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While an insolvency application filed by an operational creditor can be resisted on the ground that there is an “existing dispute”, the Insolvency and Bankruptcy Code, 2016 (Code) does not provide for such a defense for resisting an insolvency application filed in respect of a financial debt.
In case of an application filed by a financial creditor, the Adjudicating Authority is only required to: (a) satisfy itself of the occurrence of default; (b) ensure that the application is otherwise complete; and (c) ascertain whether any disciplinary proceeding is pending against the proposed resolution professional.
In such a case, the debtor can resist an application only by highlighting that there is no debt, or the debt is not due i.e. it is not payable in law or in fact. In other words, the Code is to be triggered as long as a default of an amount exceeding INR 1 lakh (now, INR 1 Crore) is made out by a financial creditor and in such a case, the Adjudicating Authority is not required to consider any other fact or even determine the exact amount of default.
The NCLAT reiterated this principle very recently in the decision of Allahabad Bank v. Poonam Resort Ltd. and Allahabad Bank v. Link House Industries Limited (Company Appeal (AT) (Insolvency) Nos. 1303 and 1304 of 2019) wherein the corporate debtor tried to defer and resist the admission of an insolvency application even though it had admitted to a default of financial debt exceeding INR 1 lakh on the ground that application contained certain false statements and that the application was filed with a fraudulent / malicious intent.
NCLT directs pre-admission forensic audit
On October 16, 2019, the Adjudicating Authority (Mumbai Bench) passed an order appointing a forensic auditor at the pre-admission stage to examine the correct position of the loan account and to test the corporate debtor’s allegation that the financial creditor had furnished false information in its insolvency application. Such allegations were raised by the corporate debtor by filing an application under Section 75 of the Code which penalizes a financial creditor for knowingly providing materially false information in its application under Section 7 and contemplates a fine of at least INR 1 Lakh extending up to INR 1 Crore.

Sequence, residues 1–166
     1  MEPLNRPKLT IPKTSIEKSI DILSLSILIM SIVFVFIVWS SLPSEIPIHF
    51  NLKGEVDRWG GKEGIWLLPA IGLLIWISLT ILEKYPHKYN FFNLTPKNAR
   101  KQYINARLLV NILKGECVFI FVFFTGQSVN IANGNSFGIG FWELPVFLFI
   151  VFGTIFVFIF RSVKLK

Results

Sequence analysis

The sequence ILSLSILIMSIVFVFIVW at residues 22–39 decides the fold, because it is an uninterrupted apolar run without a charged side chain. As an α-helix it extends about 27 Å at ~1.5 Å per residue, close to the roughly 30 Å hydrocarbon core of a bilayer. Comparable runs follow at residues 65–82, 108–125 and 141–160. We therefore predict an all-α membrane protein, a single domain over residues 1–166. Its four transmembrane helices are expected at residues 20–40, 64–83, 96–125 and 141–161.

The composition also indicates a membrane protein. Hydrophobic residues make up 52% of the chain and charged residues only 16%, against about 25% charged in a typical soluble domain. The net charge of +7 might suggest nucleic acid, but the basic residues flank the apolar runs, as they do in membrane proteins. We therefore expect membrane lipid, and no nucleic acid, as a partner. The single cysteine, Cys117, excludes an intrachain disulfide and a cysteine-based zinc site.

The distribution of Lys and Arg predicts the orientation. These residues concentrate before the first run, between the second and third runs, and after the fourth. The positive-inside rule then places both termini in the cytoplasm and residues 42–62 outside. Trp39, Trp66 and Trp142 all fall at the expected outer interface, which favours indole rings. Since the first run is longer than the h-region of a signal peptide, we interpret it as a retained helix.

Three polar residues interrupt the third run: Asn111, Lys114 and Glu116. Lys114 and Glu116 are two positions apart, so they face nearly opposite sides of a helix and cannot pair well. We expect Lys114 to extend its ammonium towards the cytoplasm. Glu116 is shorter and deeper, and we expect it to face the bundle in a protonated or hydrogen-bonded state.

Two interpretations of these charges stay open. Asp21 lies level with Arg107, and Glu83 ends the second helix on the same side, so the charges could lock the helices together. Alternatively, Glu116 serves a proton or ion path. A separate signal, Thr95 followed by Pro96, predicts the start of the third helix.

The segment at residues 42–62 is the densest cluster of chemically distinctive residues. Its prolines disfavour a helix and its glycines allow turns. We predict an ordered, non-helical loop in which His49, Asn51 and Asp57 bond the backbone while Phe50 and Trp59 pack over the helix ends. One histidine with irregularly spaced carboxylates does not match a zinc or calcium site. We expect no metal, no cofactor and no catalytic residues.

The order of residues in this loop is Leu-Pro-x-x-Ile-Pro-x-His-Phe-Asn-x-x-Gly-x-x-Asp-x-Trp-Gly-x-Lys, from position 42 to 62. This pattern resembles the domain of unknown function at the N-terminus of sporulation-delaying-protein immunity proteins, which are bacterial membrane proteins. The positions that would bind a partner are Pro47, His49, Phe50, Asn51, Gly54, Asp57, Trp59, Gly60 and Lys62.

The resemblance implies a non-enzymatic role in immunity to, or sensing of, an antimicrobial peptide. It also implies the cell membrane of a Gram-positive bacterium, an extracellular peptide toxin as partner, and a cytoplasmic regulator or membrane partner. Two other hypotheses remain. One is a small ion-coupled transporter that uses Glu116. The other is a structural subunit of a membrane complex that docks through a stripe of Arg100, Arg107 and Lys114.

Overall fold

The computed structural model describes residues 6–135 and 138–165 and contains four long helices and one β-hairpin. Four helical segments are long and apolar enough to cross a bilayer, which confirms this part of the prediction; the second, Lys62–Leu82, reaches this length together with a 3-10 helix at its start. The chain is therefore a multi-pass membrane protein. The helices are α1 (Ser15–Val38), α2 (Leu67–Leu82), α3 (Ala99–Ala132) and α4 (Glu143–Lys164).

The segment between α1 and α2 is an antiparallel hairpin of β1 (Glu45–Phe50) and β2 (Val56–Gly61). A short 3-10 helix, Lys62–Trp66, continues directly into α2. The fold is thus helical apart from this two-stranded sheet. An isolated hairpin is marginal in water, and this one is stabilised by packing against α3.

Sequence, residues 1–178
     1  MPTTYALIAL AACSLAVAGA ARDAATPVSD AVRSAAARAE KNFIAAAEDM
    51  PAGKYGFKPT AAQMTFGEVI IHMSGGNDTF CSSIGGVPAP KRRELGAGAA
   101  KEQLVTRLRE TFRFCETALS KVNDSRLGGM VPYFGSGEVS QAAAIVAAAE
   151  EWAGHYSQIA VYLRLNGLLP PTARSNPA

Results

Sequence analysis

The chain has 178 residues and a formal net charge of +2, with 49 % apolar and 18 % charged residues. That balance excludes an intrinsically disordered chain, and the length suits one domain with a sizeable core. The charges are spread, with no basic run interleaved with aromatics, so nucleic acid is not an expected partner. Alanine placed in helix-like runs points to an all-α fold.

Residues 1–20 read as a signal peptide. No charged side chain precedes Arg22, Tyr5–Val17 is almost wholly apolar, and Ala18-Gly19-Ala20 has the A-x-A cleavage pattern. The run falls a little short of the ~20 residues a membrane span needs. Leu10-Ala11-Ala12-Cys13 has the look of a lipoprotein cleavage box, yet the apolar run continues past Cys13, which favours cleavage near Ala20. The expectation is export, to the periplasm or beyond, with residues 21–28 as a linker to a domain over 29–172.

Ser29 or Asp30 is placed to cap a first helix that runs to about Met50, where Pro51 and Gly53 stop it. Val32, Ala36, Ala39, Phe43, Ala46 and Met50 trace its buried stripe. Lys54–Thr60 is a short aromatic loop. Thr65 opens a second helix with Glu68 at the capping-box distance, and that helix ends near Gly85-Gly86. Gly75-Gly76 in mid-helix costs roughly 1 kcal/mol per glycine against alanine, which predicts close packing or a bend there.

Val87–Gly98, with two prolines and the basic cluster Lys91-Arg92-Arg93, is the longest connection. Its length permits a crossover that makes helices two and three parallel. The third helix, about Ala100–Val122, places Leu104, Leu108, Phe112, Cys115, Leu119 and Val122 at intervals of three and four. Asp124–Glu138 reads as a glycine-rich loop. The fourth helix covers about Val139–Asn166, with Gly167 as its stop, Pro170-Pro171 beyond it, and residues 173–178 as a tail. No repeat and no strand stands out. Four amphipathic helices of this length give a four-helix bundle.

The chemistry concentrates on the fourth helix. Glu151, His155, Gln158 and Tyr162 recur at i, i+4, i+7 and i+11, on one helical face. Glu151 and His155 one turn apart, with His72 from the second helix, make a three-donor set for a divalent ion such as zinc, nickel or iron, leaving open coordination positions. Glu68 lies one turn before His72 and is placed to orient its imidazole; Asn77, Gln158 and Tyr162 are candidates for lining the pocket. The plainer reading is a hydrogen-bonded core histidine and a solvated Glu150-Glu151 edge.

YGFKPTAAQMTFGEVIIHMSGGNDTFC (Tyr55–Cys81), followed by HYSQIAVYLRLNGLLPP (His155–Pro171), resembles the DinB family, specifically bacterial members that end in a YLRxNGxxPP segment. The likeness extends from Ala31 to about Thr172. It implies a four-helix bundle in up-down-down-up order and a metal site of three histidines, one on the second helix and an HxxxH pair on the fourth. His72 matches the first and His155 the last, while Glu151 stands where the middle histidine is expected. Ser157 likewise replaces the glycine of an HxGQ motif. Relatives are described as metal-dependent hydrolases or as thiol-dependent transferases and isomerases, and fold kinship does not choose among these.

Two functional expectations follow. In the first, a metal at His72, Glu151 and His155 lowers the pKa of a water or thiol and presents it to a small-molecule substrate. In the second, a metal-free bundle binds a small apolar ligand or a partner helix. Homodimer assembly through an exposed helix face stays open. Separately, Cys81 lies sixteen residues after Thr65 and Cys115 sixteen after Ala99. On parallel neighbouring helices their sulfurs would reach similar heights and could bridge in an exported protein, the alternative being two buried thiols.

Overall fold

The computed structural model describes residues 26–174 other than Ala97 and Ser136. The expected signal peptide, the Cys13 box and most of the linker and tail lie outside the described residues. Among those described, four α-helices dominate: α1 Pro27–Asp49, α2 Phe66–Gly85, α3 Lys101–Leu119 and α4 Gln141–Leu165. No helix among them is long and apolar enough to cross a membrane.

Interestingly, on the one hand, the Adjudicating Authority records that “Up to the said date, as per the statement a sum of Rs. 25 Crores was found to be physical disbursed […]”, however, on the other hand, it directed a forensic investigation “considering an application under Section 75 of the Insolvency Code moved from the side of Corporate Debtor in which certain allegations are made, this Bench is of the considered view that during the entire loan process, due diligence was not carried out, So as to examine the correct position of Loan account for same be examined by the professional of this field.”
Since it appears that there was a “debt” and “default”, the Adjudicating Authority ought to have admitted the application in terms of the various decisions of the Supreme Court and the NCLAT. However, it entered disputed questions of fact and directed a forensic investigation to unravel the true position of the loan account, which could have otherwise been easily decided by the resolution professional.
NCLAT sets aside NCLT’s decision
Not surprisingly, therefore, the Adjudicating Authority’s order was assailed by the corporate debtor before the Appellate Tribunal primarily on the ground that the Adjudicating Authority ordered a forensic investigation even though the application was otherwise complete and deserved to be admitted in terms of Section 7 of the Code. Further, it was also contended that the applications have been pending consideration since September 2019.
On May 22, 2020, the NCLAT set aside the order of the Adjudicating Authority. The NCLAT reasoned that the Adjudicating Authority ignored the 14-day timeframe provided under the Code for admitting and rejecting insolvency application filed by the creditors. Amongst others, it relied on the following passage from the Supreme Court’s decision in the case of Innoventive Industries Limited v. ICICI Bank and Anr. ((2018) 1 SCC 407):
“30. On the other hand, as we have seen, in the case of a corporate debtor who commits a default of a financial debt, the adjudicating authority has merely to see the records of the information utility or other evidence produced by the financial creditor to satisfy itself that a default has occurred. It is of no matter that the debt is disputed so long as the debt is “due” i.e. payable unless interdicted by some law or has not yet become due in the sense that it is payable at some future date. It is only when this is proved to the satisfaction of the adjudicating authority that the adjudicating authority may reject an application and not otherwise.”